And if by some magical cosmic occurence that everyone switches to Ubuntu overnight, I could even see Windows becoming free (as in beer) to stay afloat, while they pull something out of their hat to make enough money to sustain themselves.

      • Re: (Score:3, Insightful)

        I've been noticing more companies are dropping the Bundled Office for a discounted price and using OpenOffice instead.

        It's very probable that my experience does not represent the whole, but I have literally never seen OpenOffice in use in any of the many businesses I have worked for. Even when I've worked with IBM employees they were still using Outlook instead of Lotus, much less OO.

        • Re: (Score:3, Interesting)

          by msobkow (48369)

          Our boss is happy to see people using Open Office because it saves him a license fee, but if you want Microsoft office instead, it gets approved. It's about a 50-50 split in our office between people who find OO "good enough" vs. people who want the extra bells and whistles of a full MS Office installation.

      • Re: (Score:3, Insightful)

        by HermMunster (972336)

        Microsoft sustains itself on billions of dollars every quarter. I doubt a free Windows and Office would lead to other services and products that could sustain them.

        It is inevitable that Windows and Office will fall by the way-side. That's one of the major complaints about Microsoft. When those products go what else do they have? A patent war?

        • by Mongoose Disciple (722373) on Monday August 23, 2010 @05:51PM (#33347792)

          It is inevitable that Windows and Office will fall by the way-side.

          Based on what, exactly?


          That's one of the major complaints about Microsoft. When those products go what else do they have? A patent war?

          When people stop using databases, what does Oracle really have?

          When people stop searching for things on the internet, what does Google have?

          At this point there's still no credible threat to Windows on the desktop or Office on the horizon, and anyone who says otherwise is either trying to sell you something or has adopted Open Source as a religion rather than a merely very good idea.

    • by morcego (260031)

      More than having room for both ...

      Having both gives an opportunity to better use the right tool for the right job.

  • My question (Score:5, Insightful)

    by schmidt349 (690948) on Monday August 23, 2010 @05:19PM (#33347324)

    This is what I want to know: Is Microsoft's new stance a sort of "this is the way the world is going, we'd better at least pretend to get with the program," or is it more like "we need to do a better job with PR of covering up our continuing efforts to break and absorb every platform that isn't ours?"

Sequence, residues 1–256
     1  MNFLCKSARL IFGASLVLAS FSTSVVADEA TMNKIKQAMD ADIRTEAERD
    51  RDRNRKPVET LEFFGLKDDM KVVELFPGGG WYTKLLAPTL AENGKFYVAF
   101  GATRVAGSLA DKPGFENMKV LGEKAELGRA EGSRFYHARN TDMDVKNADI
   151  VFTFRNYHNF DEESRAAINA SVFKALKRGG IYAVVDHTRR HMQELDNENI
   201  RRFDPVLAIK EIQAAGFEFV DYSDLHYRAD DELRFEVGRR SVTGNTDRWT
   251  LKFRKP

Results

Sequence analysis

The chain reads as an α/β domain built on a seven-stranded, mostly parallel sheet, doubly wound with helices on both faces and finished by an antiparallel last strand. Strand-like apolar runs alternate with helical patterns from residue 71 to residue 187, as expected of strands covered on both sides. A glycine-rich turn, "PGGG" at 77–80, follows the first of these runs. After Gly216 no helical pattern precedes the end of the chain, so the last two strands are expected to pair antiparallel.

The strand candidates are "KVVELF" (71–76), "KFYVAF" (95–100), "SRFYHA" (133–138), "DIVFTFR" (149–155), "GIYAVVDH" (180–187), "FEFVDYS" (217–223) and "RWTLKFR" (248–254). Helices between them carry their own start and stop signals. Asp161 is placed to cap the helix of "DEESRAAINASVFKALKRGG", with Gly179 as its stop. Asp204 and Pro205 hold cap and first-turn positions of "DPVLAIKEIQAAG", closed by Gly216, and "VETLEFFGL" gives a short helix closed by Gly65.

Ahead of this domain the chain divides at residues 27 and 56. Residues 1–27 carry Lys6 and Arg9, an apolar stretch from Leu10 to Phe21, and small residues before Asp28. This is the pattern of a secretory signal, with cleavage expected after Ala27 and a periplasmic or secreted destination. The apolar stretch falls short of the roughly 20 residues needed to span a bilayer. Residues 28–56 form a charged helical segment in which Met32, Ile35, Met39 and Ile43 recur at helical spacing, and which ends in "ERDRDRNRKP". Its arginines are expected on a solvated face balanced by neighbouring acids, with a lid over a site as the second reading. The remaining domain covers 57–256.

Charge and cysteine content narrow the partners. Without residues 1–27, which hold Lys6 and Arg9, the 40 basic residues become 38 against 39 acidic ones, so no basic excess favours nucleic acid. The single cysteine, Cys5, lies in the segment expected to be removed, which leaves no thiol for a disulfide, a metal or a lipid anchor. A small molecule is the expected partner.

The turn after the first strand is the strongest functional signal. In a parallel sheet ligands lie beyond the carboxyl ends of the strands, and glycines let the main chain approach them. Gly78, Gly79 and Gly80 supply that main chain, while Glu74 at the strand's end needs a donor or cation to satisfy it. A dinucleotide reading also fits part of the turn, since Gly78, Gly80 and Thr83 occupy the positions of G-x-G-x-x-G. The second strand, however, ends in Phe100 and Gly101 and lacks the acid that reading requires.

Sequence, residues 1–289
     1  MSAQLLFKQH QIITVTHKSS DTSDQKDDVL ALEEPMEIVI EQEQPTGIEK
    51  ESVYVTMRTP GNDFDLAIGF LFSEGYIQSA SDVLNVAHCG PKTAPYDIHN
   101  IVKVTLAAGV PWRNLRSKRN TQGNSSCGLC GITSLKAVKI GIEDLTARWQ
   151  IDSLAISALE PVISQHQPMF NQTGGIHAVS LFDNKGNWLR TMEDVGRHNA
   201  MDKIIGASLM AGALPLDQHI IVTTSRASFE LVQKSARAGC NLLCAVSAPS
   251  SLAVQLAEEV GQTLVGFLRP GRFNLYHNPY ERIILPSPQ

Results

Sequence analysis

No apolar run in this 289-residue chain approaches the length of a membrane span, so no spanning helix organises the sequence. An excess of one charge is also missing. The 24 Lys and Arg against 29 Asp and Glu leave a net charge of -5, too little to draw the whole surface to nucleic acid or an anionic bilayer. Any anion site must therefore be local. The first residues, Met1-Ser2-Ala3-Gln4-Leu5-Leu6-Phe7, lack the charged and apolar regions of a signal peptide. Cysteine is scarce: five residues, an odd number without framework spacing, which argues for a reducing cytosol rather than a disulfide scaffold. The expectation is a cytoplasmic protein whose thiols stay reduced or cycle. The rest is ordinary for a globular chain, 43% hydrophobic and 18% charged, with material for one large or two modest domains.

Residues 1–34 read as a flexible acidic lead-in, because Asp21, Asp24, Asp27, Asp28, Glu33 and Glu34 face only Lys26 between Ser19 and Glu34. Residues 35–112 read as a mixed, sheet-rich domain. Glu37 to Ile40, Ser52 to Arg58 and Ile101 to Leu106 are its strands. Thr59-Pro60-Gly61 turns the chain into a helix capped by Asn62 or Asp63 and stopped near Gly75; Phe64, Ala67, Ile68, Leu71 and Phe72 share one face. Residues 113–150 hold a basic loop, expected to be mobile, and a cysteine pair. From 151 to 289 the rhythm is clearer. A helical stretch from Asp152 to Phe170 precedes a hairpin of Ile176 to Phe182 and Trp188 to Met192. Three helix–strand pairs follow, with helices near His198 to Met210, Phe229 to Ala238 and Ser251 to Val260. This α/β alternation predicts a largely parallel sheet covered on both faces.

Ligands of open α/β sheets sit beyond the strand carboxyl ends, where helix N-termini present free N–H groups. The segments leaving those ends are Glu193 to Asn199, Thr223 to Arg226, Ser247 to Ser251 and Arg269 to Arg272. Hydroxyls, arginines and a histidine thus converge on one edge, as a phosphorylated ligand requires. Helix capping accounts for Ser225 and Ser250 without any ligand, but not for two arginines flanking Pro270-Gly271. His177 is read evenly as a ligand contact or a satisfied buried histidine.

• Re:My question (Score:4, Informative)

      by MightyMartian (840721) on Monday August 23, 2010 @05:24PM (#33347412) Journal

      Microsoft has been doing this once or twice a year since somewhere around 2003. Just wait, the latest turncoat from the open source community to get hired up for whatever craptastic OSS lab Microsoft is setting up this week as part of its never-ending propaganda campaign will come on here and want us all to submit questions, to which he will give misleading non-answers, just so the vile pigs at Redmond can go "We're trying to engage the community!"

      • by spun (1352)

        Microsoft has been doing this once or twice a year since somewhere around 2003. Just wait, the latest turncoat from the open source community to get hired up for whatever craptastic OSS lab Microsoft is setting up this week as part of its never-ending propaganda campaign will come on here and want us all to submit questions, to which he will give misleading non-answers, just so the vile pigs at Redmond can go "We're trying to engage the community!"

        As in, "Redmond expects that every developer will do his duty" and "Engage the community more closely."

    • This is what I want to know: Is Microsoft's new stance a sort of "this is the way the world is going, we'd better at least pretend to get with the program," or is it more like "we need to do a better job with PR of covering up our continuing efforts to break and absorb every platform that isn't ours?"

      Yes.

    • by grcumb (781340)

      This is what I want to know: Is Microsoft's new stance a sort of "this is the way the world is going, we'd better at least pretend to get with the program," or is it more like "we need to do a better job with PR of covering up our continuing efforts to break and absorb every platform that isn't ours?"

      The exec was mis-quoted. He actually said, 'We embrace Open Source.'

      ... And we all know that Microsoft's embrace is like an anaconda's.

  • It's a trap! (Score:4, Insightful)

    by Anonymous Coward on Monday August 23, 2010 @05:20PM (#33347326)

    I see what you did there.

  • Riiight. (Score:5, Insightful)

    by vadim_t (324782) on Monday August 23, 2010 @05:21PM (#33347346) Homepage

    I don't see how would this favor MS. For IBM, it made sense as IBM is a services company and works in their favor.

    For Microsoft, their business is in selling software, and everybody else is a competitor. In the case of Open Source, a very annoying competitor they can't get rid of easily.